Rio De Janeiro: Brazilian Supreme Court Justice Teori Zavascki’s died in a small-plane crash just weeks before he was to rule on a major corruption case that could implicate high-ranking politicians in several Latin American countries.
While the cause of the crash off a popular Brazilian coastal town had not been determined, Zavascki held such an important role in the sprawling “Car Wash” investigation into a multibillion-dollar bribe scheme at the state oil company Petrobras that many Brazilians and even international groups like Transparency International immediately voiced fears of possible foul play and demanded a full investigation.
“Justice Teori Zavascki had been strongly driving the #Carwash investigation in the Supreme Court. It’s hard to believe this was a mere accident,” tweeted Alan Mansur, director of the National Association of Prosecutors.
Federal police said late Thursday that they were launching an investigation.
The plane, which officials said was carrying Zavascki and four others, crashed outside Paraty, a coastal town about 155 miles (250 km) west of Rio de Janeiro. Witnesses speaking to Globo television said it was raining hard at the time, which is typical during the Southern Hemisphere summer.
Within an hour of the news of Zavascki’s death, President Michel Temer, who has been implicated by some suspects caught up in the Petrobras investigation but has not been charged, addressed the nation.
Zavascki “was a good man, and a (symbol of) pride for all Brazilians,” said Temer, who called for three days of national mourning.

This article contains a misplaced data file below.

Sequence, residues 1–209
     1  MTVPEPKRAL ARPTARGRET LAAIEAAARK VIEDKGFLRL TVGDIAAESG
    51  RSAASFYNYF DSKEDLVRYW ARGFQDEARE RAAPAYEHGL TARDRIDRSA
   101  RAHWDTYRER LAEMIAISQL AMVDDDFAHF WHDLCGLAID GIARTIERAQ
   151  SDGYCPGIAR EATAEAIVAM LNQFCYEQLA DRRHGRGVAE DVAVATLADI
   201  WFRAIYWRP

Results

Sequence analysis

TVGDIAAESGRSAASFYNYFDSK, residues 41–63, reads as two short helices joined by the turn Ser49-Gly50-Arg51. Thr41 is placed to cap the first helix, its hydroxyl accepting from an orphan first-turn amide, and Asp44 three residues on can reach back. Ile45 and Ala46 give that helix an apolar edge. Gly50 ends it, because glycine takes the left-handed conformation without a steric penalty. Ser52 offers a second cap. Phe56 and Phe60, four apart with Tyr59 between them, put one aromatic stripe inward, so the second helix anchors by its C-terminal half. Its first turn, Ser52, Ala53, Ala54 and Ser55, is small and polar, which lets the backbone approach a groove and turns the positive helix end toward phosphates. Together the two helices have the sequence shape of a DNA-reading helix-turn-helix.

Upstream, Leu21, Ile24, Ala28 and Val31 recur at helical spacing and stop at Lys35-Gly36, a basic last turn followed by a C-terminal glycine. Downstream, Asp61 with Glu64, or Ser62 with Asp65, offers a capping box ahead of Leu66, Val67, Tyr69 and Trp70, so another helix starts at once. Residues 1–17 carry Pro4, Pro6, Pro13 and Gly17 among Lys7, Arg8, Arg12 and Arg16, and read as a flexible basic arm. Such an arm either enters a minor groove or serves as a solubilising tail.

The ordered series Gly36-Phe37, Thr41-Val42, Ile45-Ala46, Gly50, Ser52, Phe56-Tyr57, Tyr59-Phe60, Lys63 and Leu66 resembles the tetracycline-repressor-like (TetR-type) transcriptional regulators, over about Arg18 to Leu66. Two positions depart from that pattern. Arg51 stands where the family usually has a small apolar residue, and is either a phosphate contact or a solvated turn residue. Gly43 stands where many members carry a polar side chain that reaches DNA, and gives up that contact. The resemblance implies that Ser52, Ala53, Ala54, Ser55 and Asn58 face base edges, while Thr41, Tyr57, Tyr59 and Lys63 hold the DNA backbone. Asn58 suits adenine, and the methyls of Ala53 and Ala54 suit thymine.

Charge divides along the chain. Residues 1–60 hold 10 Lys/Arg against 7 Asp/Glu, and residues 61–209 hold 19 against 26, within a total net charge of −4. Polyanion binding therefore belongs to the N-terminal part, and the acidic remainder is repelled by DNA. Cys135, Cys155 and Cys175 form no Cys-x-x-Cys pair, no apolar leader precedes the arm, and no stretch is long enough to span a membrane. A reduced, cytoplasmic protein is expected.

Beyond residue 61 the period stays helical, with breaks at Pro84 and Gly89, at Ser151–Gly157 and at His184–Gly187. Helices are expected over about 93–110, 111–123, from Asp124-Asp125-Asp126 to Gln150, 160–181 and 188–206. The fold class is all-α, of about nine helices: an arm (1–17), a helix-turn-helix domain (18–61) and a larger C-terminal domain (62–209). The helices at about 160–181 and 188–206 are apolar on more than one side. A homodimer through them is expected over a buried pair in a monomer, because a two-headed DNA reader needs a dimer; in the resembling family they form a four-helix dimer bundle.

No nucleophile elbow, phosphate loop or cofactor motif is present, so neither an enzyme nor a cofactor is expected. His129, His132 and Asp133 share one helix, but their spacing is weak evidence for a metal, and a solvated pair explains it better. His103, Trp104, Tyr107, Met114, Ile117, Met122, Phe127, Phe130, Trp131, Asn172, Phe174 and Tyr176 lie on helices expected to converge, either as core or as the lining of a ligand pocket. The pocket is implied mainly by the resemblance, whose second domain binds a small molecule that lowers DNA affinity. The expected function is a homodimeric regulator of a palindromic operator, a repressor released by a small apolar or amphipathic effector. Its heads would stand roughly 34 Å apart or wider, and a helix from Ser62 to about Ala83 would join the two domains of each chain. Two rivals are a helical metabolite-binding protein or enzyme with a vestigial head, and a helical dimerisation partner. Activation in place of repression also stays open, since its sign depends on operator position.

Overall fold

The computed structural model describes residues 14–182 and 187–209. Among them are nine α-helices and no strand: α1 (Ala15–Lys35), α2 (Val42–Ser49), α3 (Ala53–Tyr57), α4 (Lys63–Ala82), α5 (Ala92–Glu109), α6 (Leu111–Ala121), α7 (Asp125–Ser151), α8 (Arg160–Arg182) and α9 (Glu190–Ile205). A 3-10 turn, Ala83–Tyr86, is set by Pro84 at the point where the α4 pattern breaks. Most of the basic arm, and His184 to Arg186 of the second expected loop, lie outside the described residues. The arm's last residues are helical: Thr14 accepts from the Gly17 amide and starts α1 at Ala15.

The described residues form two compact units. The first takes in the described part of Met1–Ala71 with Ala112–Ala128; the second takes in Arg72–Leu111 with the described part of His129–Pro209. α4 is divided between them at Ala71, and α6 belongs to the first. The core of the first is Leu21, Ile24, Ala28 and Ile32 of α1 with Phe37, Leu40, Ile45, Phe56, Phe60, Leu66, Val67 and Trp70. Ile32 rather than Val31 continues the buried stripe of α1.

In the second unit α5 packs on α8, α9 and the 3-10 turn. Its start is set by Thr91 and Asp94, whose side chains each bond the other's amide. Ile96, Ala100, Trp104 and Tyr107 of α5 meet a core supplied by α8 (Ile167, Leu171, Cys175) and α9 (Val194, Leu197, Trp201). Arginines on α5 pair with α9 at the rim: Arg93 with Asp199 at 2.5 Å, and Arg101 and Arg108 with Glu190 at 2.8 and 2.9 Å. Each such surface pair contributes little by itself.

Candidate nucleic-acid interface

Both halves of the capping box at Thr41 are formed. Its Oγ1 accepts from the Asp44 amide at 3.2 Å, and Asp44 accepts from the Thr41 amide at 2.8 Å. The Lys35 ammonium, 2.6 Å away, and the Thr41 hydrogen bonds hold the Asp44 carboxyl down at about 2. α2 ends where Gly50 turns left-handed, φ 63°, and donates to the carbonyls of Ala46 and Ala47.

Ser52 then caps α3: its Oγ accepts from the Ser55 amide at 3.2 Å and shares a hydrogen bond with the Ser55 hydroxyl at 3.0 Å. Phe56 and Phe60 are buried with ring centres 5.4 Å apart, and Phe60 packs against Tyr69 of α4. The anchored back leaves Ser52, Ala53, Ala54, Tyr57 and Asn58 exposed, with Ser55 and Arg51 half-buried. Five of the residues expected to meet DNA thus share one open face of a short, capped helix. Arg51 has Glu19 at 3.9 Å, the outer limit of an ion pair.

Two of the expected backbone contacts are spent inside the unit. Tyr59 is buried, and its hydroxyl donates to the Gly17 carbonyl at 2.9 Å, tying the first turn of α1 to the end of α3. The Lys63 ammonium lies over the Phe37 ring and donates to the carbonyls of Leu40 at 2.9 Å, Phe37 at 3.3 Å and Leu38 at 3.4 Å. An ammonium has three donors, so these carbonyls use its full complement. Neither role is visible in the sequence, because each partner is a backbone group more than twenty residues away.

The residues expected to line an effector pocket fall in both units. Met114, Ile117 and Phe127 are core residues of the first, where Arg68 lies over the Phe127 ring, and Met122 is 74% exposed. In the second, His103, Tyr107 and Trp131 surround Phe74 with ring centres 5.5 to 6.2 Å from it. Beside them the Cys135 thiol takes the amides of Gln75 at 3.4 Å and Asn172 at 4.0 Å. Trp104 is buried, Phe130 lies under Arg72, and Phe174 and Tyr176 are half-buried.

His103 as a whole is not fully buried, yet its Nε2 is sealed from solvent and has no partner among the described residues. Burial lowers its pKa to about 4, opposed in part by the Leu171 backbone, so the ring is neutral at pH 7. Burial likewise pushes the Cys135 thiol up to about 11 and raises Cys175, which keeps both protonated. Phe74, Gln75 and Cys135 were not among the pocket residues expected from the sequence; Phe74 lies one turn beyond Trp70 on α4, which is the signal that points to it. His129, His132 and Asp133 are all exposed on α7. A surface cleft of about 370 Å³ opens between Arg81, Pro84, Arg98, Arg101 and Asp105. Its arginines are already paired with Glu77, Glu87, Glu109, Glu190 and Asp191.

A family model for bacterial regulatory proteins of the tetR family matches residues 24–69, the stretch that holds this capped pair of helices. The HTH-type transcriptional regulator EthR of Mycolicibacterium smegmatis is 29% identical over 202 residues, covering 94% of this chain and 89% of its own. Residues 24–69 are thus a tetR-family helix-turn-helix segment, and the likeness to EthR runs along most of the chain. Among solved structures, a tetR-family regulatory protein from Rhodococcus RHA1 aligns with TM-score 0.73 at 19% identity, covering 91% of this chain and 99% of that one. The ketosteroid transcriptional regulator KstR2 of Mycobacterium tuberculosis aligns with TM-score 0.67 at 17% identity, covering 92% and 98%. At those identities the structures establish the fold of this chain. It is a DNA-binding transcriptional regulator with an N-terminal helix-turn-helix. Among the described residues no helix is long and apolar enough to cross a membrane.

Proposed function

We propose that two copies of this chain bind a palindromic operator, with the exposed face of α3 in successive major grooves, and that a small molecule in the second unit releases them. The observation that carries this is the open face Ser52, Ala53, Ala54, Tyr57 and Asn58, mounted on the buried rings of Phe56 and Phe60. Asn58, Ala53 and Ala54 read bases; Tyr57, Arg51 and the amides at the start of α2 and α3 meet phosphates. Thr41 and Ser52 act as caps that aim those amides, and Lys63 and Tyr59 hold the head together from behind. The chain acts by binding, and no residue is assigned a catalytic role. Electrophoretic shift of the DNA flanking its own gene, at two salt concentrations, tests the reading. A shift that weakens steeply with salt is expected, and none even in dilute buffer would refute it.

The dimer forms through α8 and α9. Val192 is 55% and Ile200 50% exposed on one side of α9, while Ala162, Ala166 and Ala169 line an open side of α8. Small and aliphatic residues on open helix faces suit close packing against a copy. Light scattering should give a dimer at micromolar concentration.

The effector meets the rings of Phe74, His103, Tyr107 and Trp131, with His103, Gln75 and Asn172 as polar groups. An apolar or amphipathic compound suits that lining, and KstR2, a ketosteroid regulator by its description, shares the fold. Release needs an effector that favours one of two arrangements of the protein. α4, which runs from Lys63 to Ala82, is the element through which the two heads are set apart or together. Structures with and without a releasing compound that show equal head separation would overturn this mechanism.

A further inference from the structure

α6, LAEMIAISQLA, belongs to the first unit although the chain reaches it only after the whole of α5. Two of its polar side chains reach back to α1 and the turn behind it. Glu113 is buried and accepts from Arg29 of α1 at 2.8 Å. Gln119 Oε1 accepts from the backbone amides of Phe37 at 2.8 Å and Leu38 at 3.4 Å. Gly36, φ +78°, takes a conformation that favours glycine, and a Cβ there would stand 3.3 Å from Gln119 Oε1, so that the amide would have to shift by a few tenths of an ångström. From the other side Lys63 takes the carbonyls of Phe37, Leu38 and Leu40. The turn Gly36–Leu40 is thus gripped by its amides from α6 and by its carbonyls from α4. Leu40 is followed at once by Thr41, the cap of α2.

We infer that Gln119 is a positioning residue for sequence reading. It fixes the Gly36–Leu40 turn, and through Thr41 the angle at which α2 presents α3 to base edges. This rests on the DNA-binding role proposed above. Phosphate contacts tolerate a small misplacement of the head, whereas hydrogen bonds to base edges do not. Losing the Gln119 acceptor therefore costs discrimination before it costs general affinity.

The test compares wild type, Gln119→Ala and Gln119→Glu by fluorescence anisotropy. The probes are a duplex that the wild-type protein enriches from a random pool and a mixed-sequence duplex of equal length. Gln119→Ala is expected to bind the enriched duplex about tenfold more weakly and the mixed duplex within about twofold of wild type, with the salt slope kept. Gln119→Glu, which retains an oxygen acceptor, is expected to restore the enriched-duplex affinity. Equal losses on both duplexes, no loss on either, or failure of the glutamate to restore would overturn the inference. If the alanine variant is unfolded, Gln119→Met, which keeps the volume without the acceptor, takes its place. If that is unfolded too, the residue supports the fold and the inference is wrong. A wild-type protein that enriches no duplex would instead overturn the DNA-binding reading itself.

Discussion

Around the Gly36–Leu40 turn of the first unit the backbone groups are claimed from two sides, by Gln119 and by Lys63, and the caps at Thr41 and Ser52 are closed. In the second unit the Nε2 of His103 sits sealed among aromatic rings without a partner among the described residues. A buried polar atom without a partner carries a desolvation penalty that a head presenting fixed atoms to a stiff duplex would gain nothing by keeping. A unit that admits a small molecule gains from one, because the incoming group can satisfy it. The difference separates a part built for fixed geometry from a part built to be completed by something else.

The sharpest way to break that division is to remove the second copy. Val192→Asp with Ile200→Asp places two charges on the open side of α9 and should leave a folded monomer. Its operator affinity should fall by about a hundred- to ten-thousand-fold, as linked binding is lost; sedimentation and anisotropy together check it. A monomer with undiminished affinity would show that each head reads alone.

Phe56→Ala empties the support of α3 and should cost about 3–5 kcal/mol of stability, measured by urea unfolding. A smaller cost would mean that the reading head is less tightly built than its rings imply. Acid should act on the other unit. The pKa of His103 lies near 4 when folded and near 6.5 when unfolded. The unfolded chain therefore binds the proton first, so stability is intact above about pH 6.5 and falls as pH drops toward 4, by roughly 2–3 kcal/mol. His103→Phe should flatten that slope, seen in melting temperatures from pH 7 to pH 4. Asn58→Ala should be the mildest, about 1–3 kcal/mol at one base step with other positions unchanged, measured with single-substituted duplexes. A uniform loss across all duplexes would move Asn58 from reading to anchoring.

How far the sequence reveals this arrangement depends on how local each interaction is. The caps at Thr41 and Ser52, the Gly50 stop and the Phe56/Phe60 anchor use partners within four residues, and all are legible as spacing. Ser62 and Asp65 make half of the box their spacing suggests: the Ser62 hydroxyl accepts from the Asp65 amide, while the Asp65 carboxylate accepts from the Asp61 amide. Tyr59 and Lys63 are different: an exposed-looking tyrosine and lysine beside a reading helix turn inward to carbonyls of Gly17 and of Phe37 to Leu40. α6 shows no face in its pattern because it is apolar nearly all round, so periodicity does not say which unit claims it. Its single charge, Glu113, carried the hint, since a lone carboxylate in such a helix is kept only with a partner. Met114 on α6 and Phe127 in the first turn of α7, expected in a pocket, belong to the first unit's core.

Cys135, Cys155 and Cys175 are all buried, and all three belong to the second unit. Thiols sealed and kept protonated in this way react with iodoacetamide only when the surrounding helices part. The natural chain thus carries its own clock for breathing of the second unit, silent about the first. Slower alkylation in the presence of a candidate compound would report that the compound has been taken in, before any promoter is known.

Authorities said Thursday night that three bodies had been recovered so far. The other dead men were identified as businessman Carlos Alberto Filgueiras and pilot Osmar Rodrigues. The identities of the remaining two were not released.
While the largest corruption probe in Brazil’s history has been led by a team of prosecutors and Judge Sergio Moro in the southern city of Curitiba, Zavascki handled cases involving politicians. Under Brazilian law, only the Supreme Court can decide to charge or jail federal politicians.
Most recently, Zavascki had been reviewing the dozens of plea bargains of former and current executives of the big Odebrecht construction company, which was one of the main players in the kickback scheme at Petrobras that investigators allege involved more than $2 billion in bribes over a decade. Over the last two years, dozens of politicians and businessmen have been jailed in the sprawling probe.
Zavascki was expected to decide which of the Odebrecht plea bargains to validate by February. Validation would make them public, potentially implicating dozens of politicians in Brazil and several other countries where Odebrecht did business.
It’s not clear what will happen to the “Car Wash” cases that Zavascki was overseeing. They could be split among other justices on the court or possibly assigned to just one justice.
The death will delay the probe “but is unlikely to represent much of a blow,” wrote risk consultancy Eurasia late Thursday.
About 100 politicians and business executives have already been arrested or are under investigation in Brazil for allegedly overcharging contracts with Petrobras and other state-run companies to pay for bribes and election campaigns. In addition to Temer, senior cabinet members and close aides and allies of the president have been implicated in testimony from some of those arrested.
Former Odebrecht director Claudio Melo Filho cited Temer 44 times, making accusations of illegal campaign financing. If his allegations should be confirmed by Brazil’s top electoral court, Temer would be removed from the presidency and Congress would pick a successor. Temer denies any wrongdoing.
Moro, the Curitiba judge, issued a statement after the crash saying he was “perplexed” and calling Zavascki a “Brazilian hero.”
“Without him, we would not have had the Carwash operation,” Moro wrote. “I hope that his legacy, of serenity and firmness in law enforcement, regardless of the powerful interests involved, is not forgotten.”